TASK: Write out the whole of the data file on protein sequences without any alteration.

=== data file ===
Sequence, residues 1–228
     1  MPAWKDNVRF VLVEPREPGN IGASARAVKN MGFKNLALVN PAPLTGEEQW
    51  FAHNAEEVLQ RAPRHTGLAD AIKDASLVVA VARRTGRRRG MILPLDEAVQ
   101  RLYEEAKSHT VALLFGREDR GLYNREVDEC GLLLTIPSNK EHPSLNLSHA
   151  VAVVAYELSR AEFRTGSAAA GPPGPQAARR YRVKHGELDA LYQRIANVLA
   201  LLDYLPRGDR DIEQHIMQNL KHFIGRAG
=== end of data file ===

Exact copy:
Sequence, residues 1–228
     1  MPAWKDNVRF VLVEPREPGN IGASARAVKN MGFKNLALVN PAPLTGEEQW
    51  FAHNAEEVLQ RAPRHTGLAD AIKDASLVVA VARRTGRRRG MILPLDEAVQ
   101  RLYEEAKSHT VALLFGREDR GLYNREVDEC GLLLTIPSNK EHPSLNLSHA
   151  VAVVAYELSR AEFRTGSAAA GPPGPQAARR YRVKHGELDA LYQRIANVLA
   201  LLDYLPRGDR DIEQHIMQNL KHFIGRAG